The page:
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Who Gets Access to Production?

This is the third installment in our new series of weekly blog posts that dives into the role of SecDevOps. This series looks into why we need it in our lives, how we may go about implementing this methodology, and real life stories of how SecDevOps can save the Cloud.

Remote access to production machines is a long contested battlefield that has only gotten uglier since the rise of Software as a Service, which has obliterated the line between building the system and running the system. This caused new methodologies to be enacted, the most popularly touted being DevOps, which is really just an awful way of communicating that everyone is responsible for running the system now. One critical implementation detail that smaller SaaS companies have always understood due to hiring constraints is that the entire technical staff is required to be on call. Yes, even the engineers, developers, or whatever else you call them.

The New Policy

“Lock out the developers” is not an acceptable policy anymore. Developers inherently build better systems when they experience running them. Who would allow a bug to linger if it continuously woke them up throughout the night? This pain was not felt widely enough in the previous “throw it over the wall to operations” world. I can sense desperation rising from the PMs over their kanban story velocity, “If an engineer is on call, then they won’t be able to write code!” While this statement is factually accurate, the sentiment is not.

First, operations has an equally important and lengthy work queue. Second, those paging alerts are likely the most important bugs regardless of whether they’re an uncaught exception (engineering issue) or RAID alarm (operational issue). This typically confounds those new to the SaaS world because they have not fully grasped the ramifications of the Service with a capital “S”. The Service is always on and is the product through which you deliver value. This is one of the best examples of how SaaS companies are so much different culturally and operationally than companies that “ship” product. You are not running an IT department.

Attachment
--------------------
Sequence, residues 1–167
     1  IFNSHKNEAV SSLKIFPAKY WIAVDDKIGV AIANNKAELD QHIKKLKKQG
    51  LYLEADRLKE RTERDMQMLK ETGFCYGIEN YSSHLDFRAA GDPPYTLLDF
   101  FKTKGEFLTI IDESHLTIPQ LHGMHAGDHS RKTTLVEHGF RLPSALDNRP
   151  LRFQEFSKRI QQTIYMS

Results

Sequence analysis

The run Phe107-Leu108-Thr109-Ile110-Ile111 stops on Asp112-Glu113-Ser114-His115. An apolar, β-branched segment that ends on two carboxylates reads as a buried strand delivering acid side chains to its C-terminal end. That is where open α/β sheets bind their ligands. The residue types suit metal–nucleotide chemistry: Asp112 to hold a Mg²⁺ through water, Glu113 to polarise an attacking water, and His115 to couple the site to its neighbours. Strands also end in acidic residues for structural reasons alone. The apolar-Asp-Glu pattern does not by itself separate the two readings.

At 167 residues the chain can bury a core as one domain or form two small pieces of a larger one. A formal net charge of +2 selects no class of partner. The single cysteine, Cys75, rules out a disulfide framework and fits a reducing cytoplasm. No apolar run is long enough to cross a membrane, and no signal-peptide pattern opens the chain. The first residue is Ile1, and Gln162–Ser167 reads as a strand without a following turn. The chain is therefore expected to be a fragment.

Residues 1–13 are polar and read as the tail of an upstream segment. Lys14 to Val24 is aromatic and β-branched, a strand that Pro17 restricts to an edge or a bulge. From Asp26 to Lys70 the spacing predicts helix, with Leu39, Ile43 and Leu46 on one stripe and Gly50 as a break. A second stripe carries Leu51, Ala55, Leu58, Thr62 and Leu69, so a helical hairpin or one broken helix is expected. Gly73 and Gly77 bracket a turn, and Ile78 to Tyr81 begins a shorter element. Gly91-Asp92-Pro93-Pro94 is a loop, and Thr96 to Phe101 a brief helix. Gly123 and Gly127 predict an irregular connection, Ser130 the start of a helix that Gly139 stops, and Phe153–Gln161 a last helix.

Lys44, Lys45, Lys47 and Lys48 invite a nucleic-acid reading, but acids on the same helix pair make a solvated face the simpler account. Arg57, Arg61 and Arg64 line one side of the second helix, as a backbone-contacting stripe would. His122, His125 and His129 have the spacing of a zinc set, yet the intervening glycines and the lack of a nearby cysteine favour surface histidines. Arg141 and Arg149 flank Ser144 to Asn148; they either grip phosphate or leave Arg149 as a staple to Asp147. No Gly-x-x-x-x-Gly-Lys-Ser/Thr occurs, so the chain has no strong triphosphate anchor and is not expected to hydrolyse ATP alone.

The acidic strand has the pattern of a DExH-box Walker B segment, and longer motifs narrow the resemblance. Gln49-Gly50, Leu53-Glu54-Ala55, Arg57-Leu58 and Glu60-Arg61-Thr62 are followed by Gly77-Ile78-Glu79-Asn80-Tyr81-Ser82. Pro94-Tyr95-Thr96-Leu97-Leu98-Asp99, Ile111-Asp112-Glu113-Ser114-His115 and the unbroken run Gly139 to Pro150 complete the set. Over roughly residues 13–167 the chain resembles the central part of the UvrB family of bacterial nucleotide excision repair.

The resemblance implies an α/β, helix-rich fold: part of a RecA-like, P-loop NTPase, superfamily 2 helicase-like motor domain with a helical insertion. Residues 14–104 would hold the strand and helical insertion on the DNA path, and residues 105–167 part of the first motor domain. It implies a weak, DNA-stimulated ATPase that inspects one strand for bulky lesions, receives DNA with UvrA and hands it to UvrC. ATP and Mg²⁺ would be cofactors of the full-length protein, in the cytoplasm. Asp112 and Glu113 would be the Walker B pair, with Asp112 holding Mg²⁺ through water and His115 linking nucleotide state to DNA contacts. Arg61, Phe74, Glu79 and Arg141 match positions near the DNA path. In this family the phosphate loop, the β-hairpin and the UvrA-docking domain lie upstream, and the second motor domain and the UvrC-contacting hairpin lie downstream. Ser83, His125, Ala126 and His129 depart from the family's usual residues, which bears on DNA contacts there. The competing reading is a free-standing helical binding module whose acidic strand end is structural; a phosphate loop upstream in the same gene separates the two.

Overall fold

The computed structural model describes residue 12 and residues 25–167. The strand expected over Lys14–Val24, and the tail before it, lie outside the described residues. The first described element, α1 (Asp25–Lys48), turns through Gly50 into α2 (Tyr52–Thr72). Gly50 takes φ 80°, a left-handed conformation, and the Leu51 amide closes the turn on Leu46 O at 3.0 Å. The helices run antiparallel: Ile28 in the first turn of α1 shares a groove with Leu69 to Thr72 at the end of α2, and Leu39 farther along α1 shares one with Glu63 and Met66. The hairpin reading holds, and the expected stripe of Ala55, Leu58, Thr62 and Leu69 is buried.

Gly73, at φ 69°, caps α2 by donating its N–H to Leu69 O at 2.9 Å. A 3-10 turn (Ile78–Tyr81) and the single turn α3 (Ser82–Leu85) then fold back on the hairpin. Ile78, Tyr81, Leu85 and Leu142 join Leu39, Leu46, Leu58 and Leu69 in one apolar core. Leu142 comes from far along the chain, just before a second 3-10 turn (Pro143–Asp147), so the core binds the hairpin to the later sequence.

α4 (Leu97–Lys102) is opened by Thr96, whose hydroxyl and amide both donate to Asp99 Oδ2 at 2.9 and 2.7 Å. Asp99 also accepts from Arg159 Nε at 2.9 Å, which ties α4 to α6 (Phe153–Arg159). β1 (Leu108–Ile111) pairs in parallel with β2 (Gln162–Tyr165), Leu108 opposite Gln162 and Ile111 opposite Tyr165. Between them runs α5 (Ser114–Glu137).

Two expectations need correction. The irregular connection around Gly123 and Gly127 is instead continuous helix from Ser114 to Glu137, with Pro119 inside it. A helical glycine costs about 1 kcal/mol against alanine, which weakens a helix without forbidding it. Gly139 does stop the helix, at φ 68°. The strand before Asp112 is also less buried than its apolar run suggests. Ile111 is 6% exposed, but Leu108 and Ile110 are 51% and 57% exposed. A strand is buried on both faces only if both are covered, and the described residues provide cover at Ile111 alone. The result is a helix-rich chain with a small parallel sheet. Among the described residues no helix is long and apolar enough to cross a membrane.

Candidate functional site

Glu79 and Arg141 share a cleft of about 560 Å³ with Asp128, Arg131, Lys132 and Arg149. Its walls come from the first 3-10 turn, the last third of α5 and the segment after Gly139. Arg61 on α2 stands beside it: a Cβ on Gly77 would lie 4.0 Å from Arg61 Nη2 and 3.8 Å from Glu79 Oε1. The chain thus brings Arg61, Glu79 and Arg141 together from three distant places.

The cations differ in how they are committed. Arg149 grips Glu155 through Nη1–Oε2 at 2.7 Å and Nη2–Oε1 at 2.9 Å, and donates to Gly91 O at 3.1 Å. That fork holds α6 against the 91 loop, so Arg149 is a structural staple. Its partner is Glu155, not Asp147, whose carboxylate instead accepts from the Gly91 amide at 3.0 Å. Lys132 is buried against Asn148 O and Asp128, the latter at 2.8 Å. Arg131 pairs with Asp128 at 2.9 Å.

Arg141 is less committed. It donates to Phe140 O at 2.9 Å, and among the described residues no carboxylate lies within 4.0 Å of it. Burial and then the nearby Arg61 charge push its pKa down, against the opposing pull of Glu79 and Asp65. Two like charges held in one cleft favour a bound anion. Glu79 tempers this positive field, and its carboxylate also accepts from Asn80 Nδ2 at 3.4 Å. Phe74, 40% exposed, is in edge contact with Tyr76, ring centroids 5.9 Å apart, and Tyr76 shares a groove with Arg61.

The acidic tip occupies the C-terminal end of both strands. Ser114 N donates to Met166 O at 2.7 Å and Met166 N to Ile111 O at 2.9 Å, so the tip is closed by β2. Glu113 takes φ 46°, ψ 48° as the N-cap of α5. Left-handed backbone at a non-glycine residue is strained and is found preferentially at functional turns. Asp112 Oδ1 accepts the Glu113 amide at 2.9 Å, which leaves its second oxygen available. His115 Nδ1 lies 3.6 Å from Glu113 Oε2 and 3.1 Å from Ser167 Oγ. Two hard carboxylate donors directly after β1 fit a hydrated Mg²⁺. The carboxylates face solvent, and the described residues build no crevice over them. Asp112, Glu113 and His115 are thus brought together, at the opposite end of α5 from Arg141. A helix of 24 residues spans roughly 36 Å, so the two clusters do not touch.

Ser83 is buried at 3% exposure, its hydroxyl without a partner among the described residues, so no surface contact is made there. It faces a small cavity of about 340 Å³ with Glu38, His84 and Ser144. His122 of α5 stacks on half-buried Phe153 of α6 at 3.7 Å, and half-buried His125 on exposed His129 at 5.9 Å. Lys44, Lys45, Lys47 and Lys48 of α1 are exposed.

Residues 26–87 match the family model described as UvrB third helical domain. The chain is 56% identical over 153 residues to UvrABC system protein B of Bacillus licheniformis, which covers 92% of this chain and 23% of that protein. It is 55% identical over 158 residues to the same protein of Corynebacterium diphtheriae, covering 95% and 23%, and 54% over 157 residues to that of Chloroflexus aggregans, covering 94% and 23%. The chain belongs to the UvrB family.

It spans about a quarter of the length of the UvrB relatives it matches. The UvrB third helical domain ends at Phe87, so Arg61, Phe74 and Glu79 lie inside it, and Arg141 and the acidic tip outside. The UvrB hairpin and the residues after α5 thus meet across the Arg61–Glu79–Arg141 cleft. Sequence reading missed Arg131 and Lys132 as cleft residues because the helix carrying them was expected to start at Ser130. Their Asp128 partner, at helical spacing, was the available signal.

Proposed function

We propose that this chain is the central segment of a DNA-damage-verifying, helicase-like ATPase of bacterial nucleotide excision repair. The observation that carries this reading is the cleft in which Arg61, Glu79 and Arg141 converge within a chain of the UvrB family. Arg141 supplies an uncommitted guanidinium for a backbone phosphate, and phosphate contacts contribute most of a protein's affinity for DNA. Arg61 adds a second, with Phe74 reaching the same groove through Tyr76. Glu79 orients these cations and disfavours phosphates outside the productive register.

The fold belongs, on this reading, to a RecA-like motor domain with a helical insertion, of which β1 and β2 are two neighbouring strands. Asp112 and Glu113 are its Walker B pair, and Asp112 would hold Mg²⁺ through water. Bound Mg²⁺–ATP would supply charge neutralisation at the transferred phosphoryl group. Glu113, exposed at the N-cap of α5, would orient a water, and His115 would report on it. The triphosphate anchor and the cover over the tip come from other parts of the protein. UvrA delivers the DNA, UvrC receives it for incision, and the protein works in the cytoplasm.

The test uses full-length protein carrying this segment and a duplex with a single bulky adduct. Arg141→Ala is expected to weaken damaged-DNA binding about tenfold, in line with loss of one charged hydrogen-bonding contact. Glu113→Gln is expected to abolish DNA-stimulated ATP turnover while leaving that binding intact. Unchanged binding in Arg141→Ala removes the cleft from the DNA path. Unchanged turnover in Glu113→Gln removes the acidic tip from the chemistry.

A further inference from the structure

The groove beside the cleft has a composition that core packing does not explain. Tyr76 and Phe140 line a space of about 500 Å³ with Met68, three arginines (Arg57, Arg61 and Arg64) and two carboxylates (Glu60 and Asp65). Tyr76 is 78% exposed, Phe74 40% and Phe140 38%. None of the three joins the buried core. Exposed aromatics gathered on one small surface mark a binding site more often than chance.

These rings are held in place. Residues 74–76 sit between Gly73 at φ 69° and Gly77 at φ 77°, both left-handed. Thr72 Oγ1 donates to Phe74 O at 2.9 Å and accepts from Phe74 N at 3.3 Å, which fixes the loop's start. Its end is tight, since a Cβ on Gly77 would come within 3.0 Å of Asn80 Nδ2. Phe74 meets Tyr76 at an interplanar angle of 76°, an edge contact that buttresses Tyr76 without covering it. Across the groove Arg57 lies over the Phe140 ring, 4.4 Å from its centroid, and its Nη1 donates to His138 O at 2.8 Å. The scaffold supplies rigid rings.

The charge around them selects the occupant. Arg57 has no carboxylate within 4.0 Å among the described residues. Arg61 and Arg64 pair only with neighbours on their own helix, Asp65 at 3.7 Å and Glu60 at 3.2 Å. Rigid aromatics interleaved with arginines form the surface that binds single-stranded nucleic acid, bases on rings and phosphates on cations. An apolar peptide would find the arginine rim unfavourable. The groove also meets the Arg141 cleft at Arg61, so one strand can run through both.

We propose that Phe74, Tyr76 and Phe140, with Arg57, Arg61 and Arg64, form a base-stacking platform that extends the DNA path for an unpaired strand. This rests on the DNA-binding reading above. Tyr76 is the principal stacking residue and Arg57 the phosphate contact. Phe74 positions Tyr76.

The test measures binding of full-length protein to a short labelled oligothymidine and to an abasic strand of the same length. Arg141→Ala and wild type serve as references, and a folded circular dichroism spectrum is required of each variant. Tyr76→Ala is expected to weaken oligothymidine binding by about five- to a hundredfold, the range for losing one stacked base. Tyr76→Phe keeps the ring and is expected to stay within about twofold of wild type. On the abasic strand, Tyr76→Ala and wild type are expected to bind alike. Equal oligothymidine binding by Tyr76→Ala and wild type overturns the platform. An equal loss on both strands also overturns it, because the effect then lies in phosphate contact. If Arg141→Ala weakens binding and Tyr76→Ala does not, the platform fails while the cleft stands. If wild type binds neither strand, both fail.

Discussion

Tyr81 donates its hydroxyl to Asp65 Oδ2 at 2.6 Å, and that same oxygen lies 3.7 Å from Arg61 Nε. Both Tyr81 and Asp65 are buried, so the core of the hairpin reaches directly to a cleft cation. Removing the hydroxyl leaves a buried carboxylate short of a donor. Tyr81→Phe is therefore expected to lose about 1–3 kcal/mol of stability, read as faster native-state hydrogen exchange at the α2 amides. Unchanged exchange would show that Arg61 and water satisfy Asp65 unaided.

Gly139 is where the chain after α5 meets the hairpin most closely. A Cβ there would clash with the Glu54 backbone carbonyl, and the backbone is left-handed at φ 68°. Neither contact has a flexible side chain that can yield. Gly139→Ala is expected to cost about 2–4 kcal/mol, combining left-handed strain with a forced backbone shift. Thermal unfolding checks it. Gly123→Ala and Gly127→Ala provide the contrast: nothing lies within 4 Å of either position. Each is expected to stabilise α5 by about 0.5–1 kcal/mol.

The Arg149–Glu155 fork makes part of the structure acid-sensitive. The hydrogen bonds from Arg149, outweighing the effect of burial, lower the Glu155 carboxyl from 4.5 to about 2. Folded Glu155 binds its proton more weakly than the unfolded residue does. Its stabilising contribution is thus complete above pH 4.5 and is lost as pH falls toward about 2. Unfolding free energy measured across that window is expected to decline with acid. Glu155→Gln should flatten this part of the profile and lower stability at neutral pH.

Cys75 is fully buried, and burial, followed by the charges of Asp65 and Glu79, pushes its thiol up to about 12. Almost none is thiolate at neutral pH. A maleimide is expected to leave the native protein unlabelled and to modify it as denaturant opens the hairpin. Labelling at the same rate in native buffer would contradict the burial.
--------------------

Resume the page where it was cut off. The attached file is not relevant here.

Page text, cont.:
Don’t Over Correct

This remote access policy may seem like an over correction, which is why proper controls are critical. One of the most cited fears for granting more people access is the lack of change control. When you apply this fear to developers, what people really mean is that they are afraid of hot patches. This is completely and utterly reasonable.

Hot patches decrease visibility into the system, slowing down or outright preventing the ability to debug. The worst-case scenario is a hot patch actually damaging the system or corrupting user data, which is exponentially more likely due to the lack of testing. The technical community should fully understand by now that “it worked on my laptop” or “it shouldn’t do that” are not reasonable statements when releasing. The only true prevention for hot patching, especially when implementing a populist remote access policy, is to create a frictionless release mechanism. Make it trivial for your teams to build, test, and initiate a staggered release into any of your environments. Ideally your build server is testing every push to your master git branch and anyone can promote a successful build from that server.

Trust but Verify

If frictionless releases are our trust, then accordingly we must verify. Enter monitoring. Techniques such as the Pink Sombrero are good (digital sombreros are better), but you must introduce continuous security monitoring into your environment. For ages there have been tools and techniques that do this, but most teams do not employ them because of their complexity, outdated implementation (taking hashes of your entire multi-TB filesystem in an IO bound cloud or virtual environment is asinine), and volume of false positives. It does not have to be so complicated though. For example, alerting when a user other than chef changes files in your production server’s application directory is an easy first step that a team of any size can easily grasp.

For those who are concerned about access to customer data, whether it be PII or something less toxic, this remote access policy does not apply to that data, as it should live in a segregated environment. They are also likely concerned with passing audits, and the prospect of listing their entire technical team as having production access is not intriguing. In such scenarios, non-operators should be locked out of production unless they are on rotation. Adding and revoking their SSH public key from the gateway on-demand can make controlled access easier.

You Get What You Need

All of this is to say that collectively we are still trying to figure out the security balance in the technical community. Too often people want security, but see it as prohibiting productivity so they punt. This is unfortunate for the obvious reasons, but also because properly operationalized security begins to enhance the developer’s and operator’s experience. Tools are leveraged that make the system easier to run and control. Different monitoring solutions are installed that make the system easier to debug and verify. And, everyone gets access to production.

Stay tuned next Wednesday for our fourth installment in this series as we continue to dive deeper. Until then, be sure to check out our first and second posts in the series.